Uzbekistan orders people to stay at home, bans gatherings of more than three people and introduces sweeping restrictions on domestic transport

An empty pedestrian street in Tashkent. Photo by Andrey Kudryashov, Fergana

The Uzbek government has banned gatherings of more than three people in public places, excluding members of the same family, while requiring them to observe a safety distance of at least two metres. The decision was taken by a special national commission to draw up preventive measures against the spread of the coronavirus and announced on the government’s coronavirus info Telegram channel Koronavirus Info (in Russian).

The population has also been ordered not to leave their homes unless strictly necessary. People may only venture outside to buy food and medication. This restriction does not cover state employees and NGO workers during the performance of their duties. In addition, all who leave their homes must wear medical face masks. Those who do not do so will be fined 1.1 million Uzbek soms ($117).

In order to reduce the risk of COVID-19 infections as far as possible among the elderly, Khalq Bank vice president Khasan Akhmedov has said that pensions and benefits will be distributed directly to recipients’ homes. Mobile bank staff will be provided with medical masks, gloves and disinfectants. The cash they hand out will be sterilised.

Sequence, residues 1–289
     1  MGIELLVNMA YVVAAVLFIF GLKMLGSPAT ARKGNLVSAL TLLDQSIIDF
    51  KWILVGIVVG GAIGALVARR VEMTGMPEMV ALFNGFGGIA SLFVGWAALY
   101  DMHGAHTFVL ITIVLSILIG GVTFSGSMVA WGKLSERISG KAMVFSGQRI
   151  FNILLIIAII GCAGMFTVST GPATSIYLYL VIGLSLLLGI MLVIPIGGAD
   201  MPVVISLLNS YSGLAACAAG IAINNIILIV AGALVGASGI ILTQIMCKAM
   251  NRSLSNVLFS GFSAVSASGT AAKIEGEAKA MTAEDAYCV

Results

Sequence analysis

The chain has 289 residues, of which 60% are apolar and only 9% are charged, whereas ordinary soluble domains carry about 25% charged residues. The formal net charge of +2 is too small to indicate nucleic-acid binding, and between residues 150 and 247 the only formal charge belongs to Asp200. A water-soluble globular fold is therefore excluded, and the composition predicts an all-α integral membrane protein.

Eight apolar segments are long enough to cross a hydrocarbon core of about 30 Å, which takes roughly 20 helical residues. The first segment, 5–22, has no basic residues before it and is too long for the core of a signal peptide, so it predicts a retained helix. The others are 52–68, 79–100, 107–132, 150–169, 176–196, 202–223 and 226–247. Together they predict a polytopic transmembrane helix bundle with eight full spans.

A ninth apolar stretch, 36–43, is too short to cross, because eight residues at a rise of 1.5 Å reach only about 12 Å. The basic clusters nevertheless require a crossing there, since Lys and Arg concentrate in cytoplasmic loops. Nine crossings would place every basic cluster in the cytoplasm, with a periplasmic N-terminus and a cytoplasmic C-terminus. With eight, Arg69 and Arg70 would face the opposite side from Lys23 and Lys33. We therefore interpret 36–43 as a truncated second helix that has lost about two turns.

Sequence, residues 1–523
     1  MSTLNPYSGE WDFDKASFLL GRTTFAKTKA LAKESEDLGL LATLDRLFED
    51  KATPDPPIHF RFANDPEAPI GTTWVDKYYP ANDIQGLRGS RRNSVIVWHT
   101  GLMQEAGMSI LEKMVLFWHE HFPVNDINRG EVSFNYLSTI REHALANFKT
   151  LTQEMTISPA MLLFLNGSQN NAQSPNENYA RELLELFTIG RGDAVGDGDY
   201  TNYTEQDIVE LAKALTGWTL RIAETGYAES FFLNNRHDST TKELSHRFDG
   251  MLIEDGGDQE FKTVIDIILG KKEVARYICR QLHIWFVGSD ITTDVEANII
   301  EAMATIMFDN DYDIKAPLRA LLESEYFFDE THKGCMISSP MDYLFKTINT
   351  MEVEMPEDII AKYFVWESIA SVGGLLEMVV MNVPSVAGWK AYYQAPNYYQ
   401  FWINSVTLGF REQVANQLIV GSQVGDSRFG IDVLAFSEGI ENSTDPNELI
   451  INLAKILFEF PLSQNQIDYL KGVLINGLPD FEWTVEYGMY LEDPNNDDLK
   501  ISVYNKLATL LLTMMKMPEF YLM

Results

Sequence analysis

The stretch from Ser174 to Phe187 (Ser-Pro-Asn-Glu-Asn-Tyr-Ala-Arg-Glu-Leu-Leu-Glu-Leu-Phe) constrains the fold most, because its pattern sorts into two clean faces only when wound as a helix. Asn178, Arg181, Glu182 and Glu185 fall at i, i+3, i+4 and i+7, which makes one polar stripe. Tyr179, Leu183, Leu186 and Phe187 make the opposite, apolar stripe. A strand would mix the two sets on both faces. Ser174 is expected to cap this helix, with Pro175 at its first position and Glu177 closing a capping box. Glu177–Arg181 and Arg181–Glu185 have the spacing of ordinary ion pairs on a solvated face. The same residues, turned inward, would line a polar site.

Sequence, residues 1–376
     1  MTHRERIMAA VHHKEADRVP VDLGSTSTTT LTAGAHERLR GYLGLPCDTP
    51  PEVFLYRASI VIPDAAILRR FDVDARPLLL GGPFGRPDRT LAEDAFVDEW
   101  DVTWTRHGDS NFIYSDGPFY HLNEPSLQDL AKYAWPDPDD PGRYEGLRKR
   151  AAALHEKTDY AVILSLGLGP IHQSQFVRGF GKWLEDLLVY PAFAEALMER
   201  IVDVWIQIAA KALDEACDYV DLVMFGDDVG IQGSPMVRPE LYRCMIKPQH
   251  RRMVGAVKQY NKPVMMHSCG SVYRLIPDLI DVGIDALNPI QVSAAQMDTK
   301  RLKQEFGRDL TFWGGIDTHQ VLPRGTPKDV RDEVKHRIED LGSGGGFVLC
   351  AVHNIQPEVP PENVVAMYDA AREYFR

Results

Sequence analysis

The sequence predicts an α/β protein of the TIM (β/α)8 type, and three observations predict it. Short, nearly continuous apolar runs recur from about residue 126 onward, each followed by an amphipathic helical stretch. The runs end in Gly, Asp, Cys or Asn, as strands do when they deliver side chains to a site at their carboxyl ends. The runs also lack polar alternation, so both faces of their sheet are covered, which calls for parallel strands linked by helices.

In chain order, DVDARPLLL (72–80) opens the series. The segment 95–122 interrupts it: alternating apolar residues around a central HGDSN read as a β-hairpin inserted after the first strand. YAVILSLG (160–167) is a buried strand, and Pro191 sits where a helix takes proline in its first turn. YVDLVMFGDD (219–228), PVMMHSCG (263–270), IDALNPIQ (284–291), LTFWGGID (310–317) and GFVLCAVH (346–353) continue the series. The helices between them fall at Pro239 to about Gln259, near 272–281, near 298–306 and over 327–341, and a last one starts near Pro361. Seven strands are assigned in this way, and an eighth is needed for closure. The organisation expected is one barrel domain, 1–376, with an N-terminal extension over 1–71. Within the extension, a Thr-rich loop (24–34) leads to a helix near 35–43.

Uzbeks failing to wear face masks in public have been subject to fines since 25 March. The authorities have also increased penalties for quarantine violations. If the actions of someone found guilty of violating sanitary legislation or anti-epidemic regulations lead to a coronavirus death, they can be jailed for up to ten years.

According to information from the Uzbek National Guard, since 26 March, 3,327 instances of non-compliance with quarantine measures have been recorded. All offenders were arrested and taken in to their local police stations. Administrative charges were filed against 3,324 of those involved, and three individuals were charged with criminal offences.

Earlier, the chief imam of Tashkent, Nuriddin Kholiqnazarov declared that members of the public who do not wear face masks should be considered traitors – traitors to their families and to their homeland.

The first official case of coronavirus infection was reported on 15 March. The country closed its borders and shut down all schools, universities, cinemas, bars, children’s play centres and non-food markets. Friday prayers in mosques were suspended. On 27 March, all forms of transport between different regions of the country were banned, apart from goods lorries. Restrictions have also been placed on the movement of cars and buses within cities and non-urban districts.

First Tashkent, and then Samarkand, Namangan, Andijan, Guliston, Bukhara, Navoiy and Zarafshan, and the towns of Almalyk and Bekabad in the Tashkent region have all been placed under quarantine, with restrictions on entry and exit and public transport suspended.

According to the latest information on 27 March, Uzbekistan currently has 83 confirmed cases of the COVID-19 coronavirus. 23 of the patients are Uzbek citizens who have returned from France, Russia, Switzerland, Saudi Arabia, Turkey and the UAE. The majority of the remainder are people who have direct links to these individuals, but on 24 March the chief medical officer of Uzbekistan announced the country’s first confirmed case of community spread. International coronavirus data sites such as

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